Users can directly interact with phenotype curators through the online allele submission form (which can be accessed at, See Figure 8). The submission form gives users the option to browse the current ontology using term names, synonyms, or phenotype IDs (e.g. dumpy, Dpy, WBPhenotype:0000583). Users can also propose new phenotype terms or suggest revisions to the subject matter or placement of existing terms within the ontological tree. Such critical evaluation would ensure that the WPO would evolve alongside the nematode research we are committed to archiving.

Figure 8
figure 8

Online user submission form for alleles. The form allows users to browse the Worm Phenotype Ontology, assign phenotype terms to alleles or propose changes to the existing phenotype ontology. Submissions are reviewed prior to entry into the database. This form can also be accessed from the Allele data link on the WormBase Online Data Submission forms page at


We have developed the Worm Phenotype Ontology (WPO), a standardized syntax to classify and organize phenotype descriptions for C. elegans and other nematodes. The WPO will lead to consistency in phenotype description and an increase in curatorial efficiency at WormBase. The benefits of a controlled and structured phenotype vocabulary extends beyond WormBase users and will help integrate data from many different sources into a common body of knowledge, and facilitate data mining and comparisons across species. Hence, the WPO functions as a knowledge-based resource not only for C. elegans biologists, but also the larger biomedical, nematology, and bioinformatics communities.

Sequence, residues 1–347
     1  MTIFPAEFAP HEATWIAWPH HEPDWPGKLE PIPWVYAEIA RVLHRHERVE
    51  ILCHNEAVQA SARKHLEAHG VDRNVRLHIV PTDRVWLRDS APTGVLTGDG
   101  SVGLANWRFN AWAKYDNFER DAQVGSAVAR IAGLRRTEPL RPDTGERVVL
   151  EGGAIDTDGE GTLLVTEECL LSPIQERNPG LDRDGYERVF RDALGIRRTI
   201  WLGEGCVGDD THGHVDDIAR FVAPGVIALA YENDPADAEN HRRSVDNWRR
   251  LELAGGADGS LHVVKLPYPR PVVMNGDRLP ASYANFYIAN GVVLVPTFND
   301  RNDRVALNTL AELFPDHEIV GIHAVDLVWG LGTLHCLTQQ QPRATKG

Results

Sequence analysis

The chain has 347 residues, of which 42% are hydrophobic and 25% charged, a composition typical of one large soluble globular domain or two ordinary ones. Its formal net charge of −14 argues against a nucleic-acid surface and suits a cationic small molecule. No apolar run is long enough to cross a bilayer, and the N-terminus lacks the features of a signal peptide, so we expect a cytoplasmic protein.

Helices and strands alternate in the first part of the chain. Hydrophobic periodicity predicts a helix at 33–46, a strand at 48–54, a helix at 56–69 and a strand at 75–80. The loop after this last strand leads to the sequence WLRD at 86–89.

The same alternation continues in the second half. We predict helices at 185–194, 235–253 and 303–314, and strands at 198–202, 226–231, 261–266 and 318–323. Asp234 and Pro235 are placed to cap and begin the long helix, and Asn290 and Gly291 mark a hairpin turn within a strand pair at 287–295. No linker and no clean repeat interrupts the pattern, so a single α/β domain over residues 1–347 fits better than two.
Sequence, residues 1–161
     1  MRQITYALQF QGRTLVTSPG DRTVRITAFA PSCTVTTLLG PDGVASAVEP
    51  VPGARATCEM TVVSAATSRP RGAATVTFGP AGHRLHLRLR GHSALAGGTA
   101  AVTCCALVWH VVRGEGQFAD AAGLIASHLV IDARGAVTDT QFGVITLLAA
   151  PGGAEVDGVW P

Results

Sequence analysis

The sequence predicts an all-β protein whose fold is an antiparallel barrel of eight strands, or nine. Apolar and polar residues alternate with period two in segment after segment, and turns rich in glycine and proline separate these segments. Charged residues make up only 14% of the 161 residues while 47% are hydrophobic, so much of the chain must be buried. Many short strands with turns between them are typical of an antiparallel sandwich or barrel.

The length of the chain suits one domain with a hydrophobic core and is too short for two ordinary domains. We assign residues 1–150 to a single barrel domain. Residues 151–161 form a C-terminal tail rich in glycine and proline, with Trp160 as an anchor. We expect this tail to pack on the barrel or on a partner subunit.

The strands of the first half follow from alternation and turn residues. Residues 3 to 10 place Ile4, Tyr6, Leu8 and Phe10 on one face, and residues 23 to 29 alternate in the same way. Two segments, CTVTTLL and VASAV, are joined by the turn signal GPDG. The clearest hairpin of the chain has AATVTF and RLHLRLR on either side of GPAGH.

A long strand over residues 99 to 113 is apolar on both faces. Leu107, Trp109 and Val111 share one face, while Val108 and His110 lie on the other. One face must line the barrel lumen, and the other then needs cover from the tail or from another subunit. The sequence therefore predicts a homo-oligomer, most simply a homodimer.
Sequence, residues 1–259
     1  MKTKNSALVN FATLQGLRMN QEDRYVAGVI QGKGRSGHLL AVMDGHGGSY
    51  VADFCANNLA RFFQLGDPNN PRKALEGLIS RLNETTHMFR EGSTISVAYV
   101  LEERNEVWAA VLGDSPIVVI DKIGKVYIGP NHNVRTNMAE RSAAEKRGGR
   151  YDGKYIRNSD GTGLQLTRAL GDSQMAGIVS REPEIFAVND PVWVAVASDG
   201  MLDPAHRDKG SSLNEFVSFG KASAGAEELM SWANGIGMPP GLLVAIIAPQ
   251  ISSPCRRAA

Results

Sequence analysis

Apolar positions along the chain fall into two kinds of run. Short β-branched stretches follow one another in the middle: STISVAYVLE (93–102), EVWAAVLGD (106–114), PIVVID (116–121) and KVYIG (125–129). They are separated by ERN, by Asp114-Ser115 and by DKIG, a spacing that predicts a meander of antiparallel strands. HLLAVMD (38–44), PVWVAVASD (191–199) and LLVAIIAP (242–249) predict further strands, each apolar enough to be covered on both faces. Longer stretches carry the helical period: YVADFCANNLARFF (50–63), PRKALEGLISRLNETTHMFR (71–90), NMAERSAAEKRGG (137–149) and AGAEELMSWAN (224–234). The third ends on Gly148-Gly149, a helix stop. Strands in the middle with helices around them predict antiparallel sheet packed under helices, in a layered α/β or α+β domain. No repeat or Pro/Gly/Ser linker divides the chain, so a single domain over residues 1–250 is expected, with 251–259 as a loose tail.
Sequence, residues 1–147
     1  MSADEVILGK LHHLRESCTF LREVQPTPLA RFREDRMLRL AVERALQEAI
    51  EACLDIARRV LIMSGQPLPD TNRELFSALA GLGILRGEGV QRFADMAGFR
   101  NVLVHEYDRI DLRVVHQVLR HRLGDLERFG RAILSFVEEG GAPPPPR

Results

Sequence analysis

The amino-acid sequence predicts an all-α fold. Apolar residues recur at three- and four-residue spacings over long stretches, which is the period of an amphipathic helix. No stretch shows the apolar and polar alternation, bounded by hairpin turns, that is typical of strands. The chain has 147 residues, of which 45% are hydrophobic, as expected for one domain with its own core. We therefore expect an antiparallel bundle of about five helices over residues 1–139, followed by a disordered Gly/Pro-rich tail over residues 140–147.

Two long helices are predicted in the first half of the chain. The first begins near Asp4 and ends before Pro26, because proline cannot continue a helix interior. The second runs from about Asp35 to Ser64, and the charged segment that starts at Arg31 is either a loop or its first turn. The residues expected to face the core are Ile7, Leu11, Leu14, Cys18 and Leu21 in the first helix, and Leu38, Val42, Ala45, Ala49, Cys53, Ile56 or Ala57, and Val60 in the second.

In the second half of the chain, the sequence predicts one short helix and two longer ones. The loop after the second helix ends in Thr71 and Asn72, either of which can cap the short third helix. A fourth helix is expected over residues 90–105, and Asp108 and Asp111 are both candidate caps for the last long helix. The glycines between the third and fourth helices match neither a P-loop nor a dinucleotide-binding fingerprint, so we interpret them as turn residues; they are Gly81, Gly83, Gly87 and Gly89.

Improving data mining of phenotypic information

Search tools play an important role in the retrieval and display of bioinformatics data [43]. As stated above, WormBase has an ontology search that allows users to retrieve annotations to specific genes based on certain criteria, such as phenotypes. In addition, WormMart ( serves as a more general data mining tool. We hope to extend the functionality of other existing WormBase tools to help in the dissemination of phenotype-based information, such as viewing phenotype annotations within the Genome Browser [44], which could potentially expedite positional cloning and gene mapping. Such a feature for the mouse genome has already been implemented by MGI [14]. An additional enhancement would be the incorporation of images and/or movies that represent a phenotype class.